You know that Aura effect from every other anime ever? After playing Dragon Ball Fighter Z, I started wondering how I would implement this in Unity using shaders. Of course there are tons of different ways to achieve this. You can pre model some sprites placed around the silhouette of your character for example, with proper UVs and all, create the sprites on the fly using compute shaders, or my way, create the sprites using Geometry shaders. The way I settled for is one where just with a shader file you get the effect and don’t have to be worrying about the rest. So first of all here are my results, I didn’t put it on Github this time because the code is way too dirty. This is even more of a proof of concept than last times, since I am actually not going to use it anywhere.

So let’s start off by first mentioning which Mesh I am using. I am using this one here, which also comes with texture with prebaked (painted lighting). First we need to have the mesh on its own without the aura effect. I wanted to have more cell shading style in it, so I added a rim effect of a sort which darkens the mesh in certain area. Add this line of code to the fragment shader of the shader you created for Goku to add this rim effect, the normal of course you need to pass on from the vertex shader:

float f = smoothstep(0.7, 0.6, abs(dot(, UNITY_MATRIX_IT_MV[2].xyz)));
return col* max(f,0.3;
Left with Rim, right without Rim

Though the effect is not written specifically for Goku, I wanted to imitated a bit how the character’s brightness changes constantly when it is in its super saiyan mode. To imitate this I am going to vary the brightness of the texture in the fragment shader over time, and tie it together with the rim effect from before for some cheap cell shading effect.

fixed4 col = tex2D(_MainTex, i.uv);
float f = smoothstep(0.7, 0.6, abs(dot(, UNITY_MATRIX_IT_MV[2].xyz)));
float d = .4* (((sin(_Time.y*10.) + sin(_Time.y*8.5 + 1.051)) / 4.0) + 0.5f);
return col* max(f,0.3) + f*float4(col.xy, col.z*.5,1.)*d;

Now to the Aura. Here is the basic idea of what is going to happen.

Pass one: We render first the Silhouette of the character in the Stencil buffer.

Pass two: We render the mesh again, but this time with a Geometry shader. The shader creates two new triangles per edge (6 total) which are extruded along the edges of the original Triangel with respect to the triangle normal in screen space. The spiky feel of the aura is something I am programming at this stage, I displace the faces with different amount, depending on a polar coordinate system I created. You can decide to place these triangles however you want, and that will of course effect how the final look of the aura looks like. The function I am using is:

float f = max(0., dot(, float3(0., 0., 1.)));
d = abs(frac((f*2. - _Time.y + p.y*10.)) - 0.5)*f;
float3 Wnormals = UnityObjectToWorldNormal(;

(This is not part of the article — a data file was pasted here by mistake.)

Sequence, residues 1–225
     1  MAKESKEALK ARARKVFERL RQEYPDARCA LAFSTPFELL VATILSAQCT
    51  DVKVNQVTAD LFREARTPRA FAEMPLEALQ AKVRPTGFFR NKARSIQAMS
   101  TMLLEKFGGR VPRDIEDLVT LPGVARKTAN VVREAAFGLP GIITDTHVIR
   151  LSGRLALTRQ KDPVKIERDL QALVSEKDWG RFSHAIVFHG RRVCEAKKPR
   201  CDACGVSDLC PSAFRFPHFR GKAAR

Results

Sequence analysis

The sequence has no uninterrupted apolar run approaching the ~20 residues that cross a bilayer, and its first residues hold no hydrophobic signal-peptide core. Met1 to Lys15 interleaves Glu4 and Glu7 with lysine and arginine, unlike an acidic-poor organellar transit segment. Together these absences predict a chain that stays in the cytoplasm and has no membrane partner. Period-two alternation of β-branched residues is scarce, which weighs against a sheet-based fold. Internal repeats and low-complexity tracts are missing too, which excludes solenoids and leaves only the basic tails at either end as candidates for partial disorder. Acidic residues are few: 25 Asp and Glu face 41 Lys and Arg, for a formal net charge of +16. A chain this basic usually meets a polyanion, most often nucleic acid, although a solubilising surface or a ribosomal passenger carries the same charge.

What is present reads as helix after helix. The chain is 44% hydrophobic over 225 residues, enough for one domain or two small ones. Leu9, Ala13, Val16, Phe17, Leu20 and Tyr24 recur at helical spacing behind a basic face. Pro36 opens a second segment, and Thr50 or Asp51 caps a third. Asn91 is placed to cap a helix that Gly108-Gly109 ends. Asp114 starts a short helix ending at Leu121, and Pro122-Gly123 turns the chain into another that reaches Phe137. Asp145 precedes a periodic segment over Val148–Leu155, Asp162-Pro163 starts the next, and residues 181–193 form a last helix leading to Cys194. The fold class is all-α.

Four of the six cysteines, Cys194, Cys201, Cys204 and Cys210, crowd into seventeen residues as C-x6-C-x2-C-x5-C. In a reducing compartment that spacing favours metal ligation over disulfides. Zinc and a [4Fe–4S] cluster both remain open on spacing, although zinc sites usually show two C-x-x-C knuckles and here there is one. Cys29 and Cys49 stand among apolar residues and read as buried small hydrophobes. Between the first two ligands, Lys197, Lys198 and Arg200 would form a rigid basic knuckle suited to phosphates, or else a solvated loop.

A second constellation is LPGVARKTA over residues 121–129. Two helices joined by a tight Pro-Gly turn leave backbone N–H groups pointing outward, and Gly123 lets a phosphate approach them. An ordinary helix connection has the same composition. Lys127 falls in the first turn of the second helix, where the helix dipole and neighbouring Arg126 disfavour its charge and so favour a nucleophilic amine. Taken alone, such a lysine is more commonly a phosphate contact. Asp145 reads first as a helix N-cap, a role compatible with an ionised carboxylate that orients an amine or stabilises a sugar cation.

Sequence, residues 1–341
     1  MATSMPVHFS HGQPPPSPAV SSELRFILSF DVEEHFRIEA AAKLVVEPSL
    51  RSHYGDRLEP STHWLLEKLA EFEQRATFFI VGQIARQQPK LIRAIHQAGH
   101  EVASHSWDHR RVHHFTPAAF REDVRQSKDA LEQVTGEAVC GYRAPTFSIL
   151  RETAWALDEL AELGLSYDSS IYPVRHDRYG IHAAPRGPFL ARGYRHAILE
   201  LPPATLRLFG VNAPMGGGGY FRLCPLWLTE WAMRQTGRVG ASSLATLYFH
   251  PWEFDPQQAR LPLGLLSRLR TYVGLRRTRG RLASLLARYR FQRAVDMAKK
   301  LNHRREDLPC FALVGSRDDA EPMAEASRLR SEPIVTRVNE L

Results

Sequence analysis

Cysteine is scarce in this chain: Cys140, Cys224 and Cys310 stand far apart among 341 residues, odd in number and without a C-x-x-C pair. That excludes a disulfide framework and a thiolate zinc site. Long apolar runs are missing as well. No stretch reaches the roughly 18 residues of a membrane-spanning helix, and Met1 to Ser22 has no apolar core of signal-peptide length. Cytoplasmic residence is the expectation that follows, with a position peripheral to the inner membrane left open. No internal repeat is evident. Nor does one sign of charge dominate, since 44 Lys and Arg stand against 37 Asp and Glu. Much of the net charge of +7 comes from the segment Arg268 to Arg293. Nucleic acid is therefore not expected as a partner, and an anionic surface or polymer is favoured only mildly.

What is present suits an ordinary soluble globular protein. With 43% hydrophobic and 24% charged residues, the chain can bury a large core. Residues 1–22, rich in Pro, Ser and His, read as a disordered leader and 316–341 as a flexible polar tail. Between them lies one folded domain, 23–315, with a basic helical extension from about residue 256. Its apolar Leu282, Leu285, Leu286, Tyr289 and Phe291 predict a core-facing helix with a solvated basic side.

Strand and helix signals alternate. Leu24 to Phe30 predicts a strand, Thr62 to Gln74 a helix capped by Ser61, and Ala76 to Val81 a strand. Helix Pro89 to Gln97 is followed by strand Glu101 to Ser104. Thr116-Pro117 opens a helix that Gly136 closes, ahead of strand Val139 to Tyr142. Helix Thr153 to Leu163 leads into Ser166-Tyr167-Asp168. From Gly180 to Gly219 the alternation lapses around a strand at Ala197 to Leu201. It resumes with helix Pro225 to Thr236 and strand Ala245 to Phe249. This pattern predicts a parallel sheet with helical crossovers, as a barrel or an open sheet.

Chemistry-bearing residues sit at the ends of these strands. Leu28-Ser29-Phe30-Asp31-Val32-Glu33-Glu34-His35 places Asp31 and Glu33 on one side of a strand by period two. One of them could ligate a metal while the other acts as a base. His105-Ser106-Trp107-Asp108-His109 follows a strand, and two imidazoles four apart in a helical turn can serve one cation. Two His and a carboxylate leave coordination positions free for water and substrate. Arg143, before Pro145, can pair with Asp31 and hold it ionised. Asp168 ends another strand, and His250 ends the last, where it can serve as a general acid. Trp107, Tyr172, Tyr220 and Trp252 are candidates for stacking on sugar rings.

float s = smoothstep(0.9, 0.8, abs(dot(Wnormals, UNITY_MATRIX_IT_MV[2].xyz)));
extruded.vPositionPs.xy += vOffsetPs.xy * g_flOutlineWidth * d *s;

Where p is the position of the vertex, but in polar coordinate.

In Pass two, we read from the stencil buffer, and only execute the fragment program of our Pass two, if the value of the stencil buffer is Zero (so only if it is outside the Silhouette of the original mesh). The aura effect happens in the fragment shader of the Pass two. For specific implementation of the Geometry shader and stencil buffer, look at the end of the article.

Stencil buffer visualisation

Last we render the mesh normally on top of the existing aura effect

You can combine pass one and 4 actually. The shader can write to the color buffer and Stencil buffer at the same time. I didn’t do this in my case for various reason, one being I wanted to have the effect being completely separate from any specific mesh. I would just duplicate the mesh and do step 1 to 3 in a different draw call. (so you could do this in a script for any given mesh)

You can control how thick the aura is by controlling how much offset you add:

Last but not least, if you add UVs to the newly created faces, you can pretty much map whatever you want on top. Another improvement you can do is to reduce the amount of triangles added. Now the entire mesh receives 6 new tringles per triangle, which get extruded. This is way too much on a high poly mesh and unnecessarily. You can get away with the same effect by just extruding triangles that are on viewing corner of the mesh. For the rest you can just add triangels to the triangles stripe which have a surface area of zero. The triangles would be discarded down the pipeline.

Thanks for reading. You can follow me on my twitter: IRCSS

Further Reading:

In VR, your typical outline shader does a very similar thing as the shader here. As promised for specific implementation of how to set up the shader like I did, for both geometry and stencil stuff, have a look at this shader by Valve which renders outlines around the mesh. Modify this and you will get to something similar:

Technical Artist